How long can 3 day old chicks go without power? (snowstorm)

Discussion in 'Raising Baby Chicks' started by PoultryGirly, Mar 6, 2013.

  1. PoultryGirly

    PoultryGirly Chillin' With My Peeps

    2,571
    24
    173
    Mar 28, 2012
    Hi. We're supposed to get a lot of snow here and I'm afraid the power is going to go out on my chikies. Most of them are 3 days old. We have a generator to run the light, but the bad part is that we don't have any gas to run the genator at the moment. How long could chicks go without their light and heat at this time? It's around 70* in our house. What are other ways to heat them? Could I use a heating pad?
     
  2. MoonShadows

    MoonShadows The Jam Man

    1,162
    116
    178
    Jan 23, 2013
    Pocono Mtns
    My Coop
    A heating pad is a possibility. If you have a way of heating water, you can fill some plastic water bottles, too.
     
  3. PoultryGirly

    PoultryGirly Chillin' With My Peeps

    2,571
    24
    173
    Mar 28, 2012
    Thanks! The power is blinking :/ How long could these chicks go without their usual ligh? At what temperature?
     
  4. Fred's Hens

    Fred's Hens Chicken Obsessed Premium Member

    Pioneer farmers would warm their chicks along side their wood stoves.

    If you've lost electricity, you have to find other ways to provide heat, both for the chicks and for yourselves. We have propane stoves and a wood stove, neither of which require electricity to operate. The Old Order Mennonites and Amish use propane or kerosene heaters to incubate and to brood.
     
  5. PoultryGirly

    PoultryGirly Chillin' With My Peeps

    2,571
    24
    173
    Mar 28, 2012
    Okay, thank you! We have a wood stove and a cooking stove, both of which don't require electricity.
     
  6. PoultryGirly

    PoultryGirly Chillin' With My Peeps

    2,571
    24
    173
    Mar 28, 2012
    Anymore info? I'm pretty sure the power is gonna go out today. 8 inches of snow and it's still snowing. I'm worried about my chicks.
     
  7. bruceha2000

    bruceha2000 Overrun With Chickens

    4,033
    564
    271
    Apr 19, 2012
    NW Vermont
    Watch the heating pad, don't put it right under them because it doesn't have good temp control. Put it to the side so they can hunker up next to it if they want. Of course, if it is working, you have power so you don't need it (unless you have a pretty good sized generator) [​IMG]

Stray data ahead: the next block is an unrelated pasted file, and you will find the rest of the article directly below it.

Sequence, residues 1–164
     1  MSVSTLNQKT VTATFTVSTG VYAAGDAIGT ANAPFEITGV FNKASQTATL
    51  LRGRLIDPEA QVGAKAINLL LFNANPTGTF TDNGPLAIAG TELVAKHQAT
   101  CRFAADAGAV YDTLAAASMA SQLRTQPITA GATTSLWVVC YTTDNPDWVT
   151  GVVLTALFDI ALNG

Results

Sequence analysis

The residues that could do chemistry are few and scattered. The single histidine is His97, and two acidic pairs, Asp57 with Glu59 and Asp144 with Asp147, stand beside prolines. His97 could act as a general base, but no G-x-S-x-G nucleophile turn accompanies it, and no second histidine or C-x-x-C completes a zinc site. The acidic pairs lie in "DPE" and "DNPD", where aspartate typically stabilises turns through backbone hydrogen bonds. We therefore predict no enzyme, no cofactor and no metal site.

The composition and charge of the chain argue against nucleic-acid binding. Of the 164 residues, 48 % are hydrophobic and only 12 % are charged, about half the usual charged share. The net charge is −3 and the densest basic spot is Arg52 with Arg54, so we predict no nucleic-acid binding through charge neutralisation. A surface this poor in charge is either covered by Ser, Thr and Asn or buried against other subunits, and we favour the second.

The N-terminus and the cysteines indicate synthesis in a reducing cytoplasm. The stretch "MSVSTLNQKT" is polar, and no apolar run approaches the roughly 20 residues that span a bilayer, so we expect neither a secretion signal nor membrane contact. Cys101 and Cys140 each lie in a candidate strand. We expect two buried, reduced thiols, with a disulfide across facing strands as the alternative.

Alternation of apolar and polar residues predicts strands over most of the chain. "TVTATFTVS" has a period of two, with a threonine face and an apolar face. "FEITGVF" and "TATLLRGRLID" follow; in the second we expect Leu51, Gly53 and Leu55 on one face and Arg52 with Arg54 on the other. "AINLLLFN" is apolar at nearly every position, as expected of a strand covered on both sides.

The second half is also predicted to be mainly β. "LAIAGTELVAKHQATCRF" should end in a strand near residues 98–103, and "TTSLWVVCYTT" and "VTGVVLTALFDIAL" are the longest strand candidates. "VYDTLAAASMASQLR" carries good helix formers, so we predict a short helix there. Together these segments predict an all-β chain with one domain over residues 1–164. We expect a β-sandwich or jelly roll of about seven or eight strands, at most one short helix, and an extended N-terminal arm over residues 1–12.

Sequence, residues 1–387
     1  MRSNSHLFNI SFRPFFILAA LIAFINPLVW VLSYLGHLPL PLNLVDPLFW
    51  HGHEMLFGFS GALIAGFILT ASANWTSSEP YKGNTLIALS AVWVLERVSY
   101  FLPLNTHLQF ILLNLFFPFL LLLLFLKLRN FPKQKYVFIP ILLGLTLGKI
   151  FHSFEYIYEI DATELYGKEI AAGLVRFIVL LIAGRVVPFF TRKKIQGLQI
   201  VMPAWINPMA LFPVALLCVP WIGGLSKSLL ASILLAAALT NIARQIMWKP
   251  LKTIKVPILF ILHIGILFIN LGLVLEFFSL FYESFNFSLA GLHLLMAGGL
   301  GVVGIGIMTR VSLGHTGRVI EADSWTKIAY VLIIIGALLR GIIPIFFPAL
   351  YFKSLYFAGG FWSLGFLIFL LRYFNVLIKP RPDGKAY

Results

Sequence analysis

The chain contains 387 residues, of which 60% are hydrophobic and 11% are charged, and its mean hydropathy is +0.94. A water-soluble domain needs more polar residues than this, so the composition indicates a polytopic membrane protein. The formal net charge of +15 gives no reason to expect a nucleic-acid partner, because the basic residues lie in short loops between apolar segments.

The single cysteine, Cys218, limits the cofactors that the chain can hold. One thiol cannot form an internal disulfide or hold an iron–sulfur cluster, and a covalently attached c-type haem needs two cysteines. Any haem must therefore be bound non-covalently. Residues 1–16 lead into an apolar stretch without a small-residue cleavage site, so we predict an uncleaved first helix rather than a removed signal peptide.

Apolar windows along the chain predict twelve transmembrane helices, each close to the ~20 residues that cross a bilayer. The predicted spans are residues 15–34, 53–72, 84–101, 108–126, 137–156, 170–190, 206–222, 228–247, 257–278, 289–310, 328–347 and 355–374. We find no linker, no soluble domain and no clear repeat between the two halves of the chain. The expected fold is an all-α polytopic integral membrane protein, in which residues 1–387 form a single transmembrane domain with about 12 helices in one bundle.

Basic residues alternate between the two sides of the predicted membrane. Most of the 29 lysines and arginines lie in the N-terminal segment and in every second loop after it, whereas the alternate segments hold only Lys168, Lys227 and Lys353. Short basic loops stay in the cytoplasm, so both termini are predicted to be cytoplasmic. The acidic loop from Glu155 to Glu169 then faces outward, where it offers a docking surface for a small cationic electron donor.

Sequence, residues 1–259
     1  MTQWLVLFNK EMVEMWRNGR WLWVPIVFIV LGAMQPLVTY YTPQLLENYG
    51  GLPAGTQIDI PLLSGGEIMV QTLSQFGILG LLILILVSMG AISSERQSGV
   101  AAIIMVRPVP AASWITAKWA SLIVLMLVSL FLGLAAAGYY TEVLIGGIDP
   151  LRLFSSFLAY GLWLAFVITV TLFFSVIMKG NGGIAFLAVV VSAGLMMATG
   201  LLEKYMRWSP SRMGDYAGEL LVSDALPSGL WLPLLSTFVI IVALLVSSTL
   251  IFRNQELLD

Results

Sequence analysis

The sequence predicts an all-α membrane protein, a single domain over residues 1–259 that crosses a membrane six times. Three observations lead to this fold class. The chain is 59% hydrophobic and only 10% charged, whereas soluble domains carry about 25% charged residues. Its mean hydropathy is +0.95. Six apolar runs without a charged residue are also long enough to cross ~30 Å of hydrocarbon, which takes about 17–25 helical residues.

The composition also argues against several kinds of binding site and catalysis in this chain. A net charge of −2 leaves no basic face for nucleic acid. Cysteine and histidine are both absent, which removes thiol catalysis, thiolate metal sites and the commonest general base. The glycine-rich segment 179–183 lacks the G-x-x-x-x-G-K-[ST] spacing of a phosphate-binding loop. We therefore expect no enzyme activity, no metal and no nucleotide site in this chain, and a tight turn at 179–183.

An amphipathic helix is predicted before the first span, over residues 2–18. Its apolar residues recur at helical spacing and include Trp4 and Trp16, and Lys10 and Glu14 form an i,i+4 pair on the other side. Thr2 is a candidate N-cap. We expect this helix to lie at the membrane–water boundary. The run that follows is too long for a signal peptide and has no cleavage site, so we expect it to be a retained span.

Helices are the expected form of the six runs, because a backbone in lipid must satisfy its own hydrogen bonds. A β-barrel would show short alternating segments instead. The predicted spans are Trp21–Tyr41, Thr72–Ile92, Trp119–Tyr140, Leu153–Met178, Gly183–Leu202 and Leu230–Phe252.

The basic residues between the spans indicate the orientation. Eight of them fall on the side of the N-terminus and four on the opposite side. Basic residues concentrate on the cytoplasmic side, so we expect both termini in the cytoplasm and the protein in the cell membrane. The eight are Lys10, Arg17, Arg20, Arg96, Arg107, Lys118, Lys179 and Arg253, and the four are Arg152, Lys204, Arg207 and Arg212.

Since you have the wood stove, move the birds to an area that is close to it and high enough to get heat. I assume you have a thermometer. Put it in the box and see if you can keep them at at least 85F.
    Watch them to make sure they aren't all trying to get away from the side next to the stove, that means they are too hot. If they are huddled next to the side by the stove, they are cold. If they are wandering around, they are happy. Just do like you do with their heat lamp in the brooder!

    I've not had to deal with this problem, but I would also suggest a lot of shredded paper (long pieces, not crosscut) or pine shavings so they can huddle together (which they will do naturally) and the "nesting material" will help them hold heat. This isn't needed when they have a working heat lamp.

    Also, you say you have a cooking stove that doesn't require electricity. I presume propane or gas. But unless it is old (like my 1932 Glenwood [​IMG] ) it might still require electricity to light it. "Newer" gas stoves might have a pilot that is always lit but NEW ones require electricity to spark the gas when the valve is opened so make sure you have "long lighters" on hand. Hopefully it isn't so fancy as to need electricity to allow the gas to be turned on (as a safety feature). If that is the case, it won't work at all.

    You shouldn't use the cooking stove specifically to heat the house but heating water for hot water bottles would be OK. And, if you make a roast, bake some potatoes then some cookies, etc, the oven will help heat the house. [​IMG]

    Bruce
     
  8. PoultryGirly

    PoultryGirly Chillin' With My Peeps

    2,571
    24
    173
    Mar 28, 2012
    Thanks! I just now figured out that are cooking stove is electric :/ I have 2 chicks in my incubator that hatched a few days ago (they are in there because one is injured and I wanted him to have a buddy). The temperature in there is around 95-97. I expect the incubator will hold heat the longest? Also, the humidity is 77% in there with the 2 chicks. Will that hurt them? (I think it's so high because they have drinking water in there.) For the chicks in the brooder (there are 7 in there and they are only 3 days old) could I drape a blanket over the top to hold in body heat? Thanks!
     
  9. sab

    sab Chillin' With My Peeps

    353
    7
    116
    Jul 28, 2010
    Ripley, WV
    My Coop
    How many chicks are there? Let them snuggle next to you. Might be time to mother hen them.
     
  10. PoultryGirly

    PoultryGirly Chillin' With My Peeps

    2,571
    24
    173
    Mar 28, 2012
    I have 7 chicks in the brooder and 2 in the incubator.
     

BackYard Chickens is proudly sponsored by